9

What is a good way to get an O-times between the sizes of \otimes and \bigotimes? I should add that I want it to act as a math operator as in \bigotimes (so that I can use subscripts below it.)

I managed to get it by \DeclareMathOperator*{\Motimes}{\raisebox{-0.25ex}{\scalebox{1.2}{$\bigotimes$}}} using one of the approaches here: A medium dot in math mode

I was wondering if there a better way?

9

With your declaration you get a symbol that is bigger than \bigotimes...

Assuming that you really want a symbol between the sizes of \otimes and \bigotimes you can declare it as

\DeclareMathOperator*{\Motimes}{\text{\raisebox{0.25ex}{\scalebox{0.8}{$\bigotimes$}}}}

The following MWE shows the difference between it and \bigotimes

\documentclass{article}
\usepackage{amsmath}
\usepackage{graphicx}

\DeclareMathOperator*{\Motimes}{\text{\raisebox{0.25ex}{\scalebox{0.8}{$\bigotimes$}}}}

\begin{document}

\[
\bigotimes_{i=1}^{k}V_i \qquad A \bigotimes B_{A \bigotimes B_{A \bigotimes B}}
\]

\bigskip

\[
\Motimes_{i=1}^{k}V_i \qquad A\Motimes B_{A \Motimes B_{A \Motimes B}}
\]

\end{document} 

Output:

enter image description here

  • You could use the \vcenter{\hbox{...}} primitives to align the rescaled symbol on the math axis; doing so would dispense with the guesswork associated with the \raisebox method. – Mico Jan 18 '14 at 8:58
  • @Mico Do you mean something like \DeclareMathOperator*{\Motimes}{\text{$\vcenter{\hbox{\scalebox{0.8}{$\bigotimes$}}}$}}? To be honest, I prefer the symbol a bit higher. – karlkoeller Jan 18 '14 at 9:20
  • Yes, except that I think the outer \text{$ and $} group isn't strictly necessary, right? About the desirability of placing the symbol a bit higher: That's a matter of taste, I suppose, and we all know what they say about arguing about tastes... – Mico Jan 18 '14 at 9:56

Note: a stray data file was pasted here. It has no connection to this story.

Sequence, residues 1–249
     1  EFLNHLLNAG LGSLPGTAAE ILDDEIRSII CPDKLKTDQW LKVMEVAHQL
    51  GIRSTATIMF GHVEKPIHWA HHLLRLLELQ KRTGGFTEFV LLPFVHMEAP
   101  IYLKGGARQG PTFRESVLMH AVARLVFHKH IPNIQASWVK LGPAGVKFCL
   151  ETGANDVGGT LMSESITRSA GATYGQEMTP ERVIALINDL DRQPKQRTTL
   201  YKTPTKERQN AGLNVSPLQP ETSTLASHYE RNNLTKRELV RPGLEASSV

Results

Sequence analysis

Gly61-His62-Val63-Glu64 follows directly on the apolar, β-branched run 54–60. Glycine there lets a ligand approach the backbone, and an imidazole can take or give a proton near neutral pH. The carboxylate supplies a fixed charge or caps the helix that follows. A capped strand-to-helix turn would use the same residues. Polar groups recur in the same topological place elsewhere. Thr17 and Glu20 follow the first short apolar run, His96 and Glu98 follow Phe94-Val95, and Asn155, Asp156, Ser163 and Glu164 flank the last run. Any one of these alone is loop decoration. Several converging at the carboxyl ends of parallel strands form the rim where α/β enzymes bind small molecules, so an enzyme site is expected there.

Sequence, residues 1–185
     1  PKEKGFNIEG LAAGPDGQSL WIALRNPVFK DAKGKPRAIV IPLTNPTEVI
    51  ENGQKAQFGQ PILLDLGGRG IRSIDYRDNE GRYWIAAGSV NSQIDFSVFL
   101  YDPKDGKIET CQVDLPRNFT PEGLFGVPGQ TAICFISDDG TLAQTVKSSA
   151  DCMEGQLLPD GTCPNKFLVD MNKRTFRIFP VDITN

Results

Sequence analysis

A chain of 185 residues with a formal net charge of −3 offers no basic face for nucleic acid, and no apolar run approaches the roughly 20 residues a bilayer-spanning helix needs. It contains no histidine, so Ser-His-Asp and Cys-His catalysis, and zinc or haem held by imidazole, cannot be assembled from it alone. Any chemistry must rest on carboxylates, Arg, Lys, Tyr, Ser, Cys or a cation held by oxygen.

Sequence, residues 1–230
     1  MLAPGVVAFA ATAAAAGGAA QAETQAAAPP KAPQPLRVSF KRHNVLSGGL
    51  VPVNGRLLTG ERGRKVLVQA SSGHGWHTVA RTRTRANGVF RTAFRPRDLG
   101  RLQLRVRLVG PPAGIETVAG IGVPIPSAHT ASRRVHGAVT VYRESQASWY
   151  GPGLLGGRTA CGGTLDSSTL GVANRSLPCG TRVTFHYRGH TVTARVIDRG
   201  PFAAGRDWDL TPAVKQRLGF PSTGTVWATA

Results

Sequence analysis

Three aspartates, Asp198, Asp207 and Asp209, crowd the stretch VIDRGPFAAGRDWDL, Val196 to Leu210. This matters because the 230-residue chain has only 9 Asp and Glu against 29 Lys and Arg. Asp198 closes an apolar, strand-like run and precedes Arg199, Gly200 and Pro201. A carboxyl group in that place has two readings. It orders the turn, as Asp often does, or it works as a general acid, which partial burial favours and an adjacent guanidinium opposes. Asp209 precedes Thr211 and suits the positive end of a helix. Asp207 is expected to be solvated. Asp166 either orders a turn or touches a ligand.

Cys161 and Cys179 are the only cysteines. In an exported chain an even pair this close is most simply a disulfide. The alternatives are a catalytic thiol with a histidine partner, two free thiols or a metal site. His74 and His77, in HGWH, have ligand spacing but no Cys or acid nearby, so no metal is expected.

• @Mico but if you remove the outer \text{$ and $} group the symbol is quite smaller and increasing the scale it looks bad. – karlkoeller Jan 18 '14 at 10:04
  • Did you compute the ration 0.25ex / 0.8, or is it just by chance, because it "looks good" or "right"? – Clément May 5 '16 at 17:53
4

You could do

\newcommand{\sbigotimes}{%
  \mathop{\mathchoice{\textstyle\bigotimes}{\bigotimes}{\bigotimes}{\bigotimes}}%
}

and

\[
\sbigotimes_{i=1}^n A_i\otimes B
\]

would produce

enter image description here

to be compared with the original (with \bigotimes)

enter image description here

I suggest an “abstract” version:

\documentclass{article}
\usepackage{amsmath}

\makeatletter
\newcommand{\makesmalleroperator}[1]{%
  \expandafter\let\csname saved\string#1\endcsname#1% save the old command
  \def#1{\mathop{\small@mathchoice#1}}% redefine it
}
\def\small@mathchoice#1{%
  \mathchoice{\textstyle\@nameuse{saved\string#1}}%
             {\@nameuse{saved\string#1}}%
             {\@nameuse{saved\string#1}}%
             {\@nameuse{saved\string#1}}%
}
\makeatother

% now we declare what operators should be treated like this
\makesmalleroperator\bigotimes

\begin{document}

\[
\bigotimes_{i=1}^n A_i\otimes B
\]

\end{document}

This will give the same result as above with \sbigotimes. What are the advantages?

  1. You can do the same for \bigvee, \bigwedge and all the operators you need with a single line for each of them.

  2. You can use the normal names; if you change your mind or have to submit the document somewhere, you can simply remove the definitions and the calls to \makesmalleroperator

The same size as in display math will be used for inline usage.

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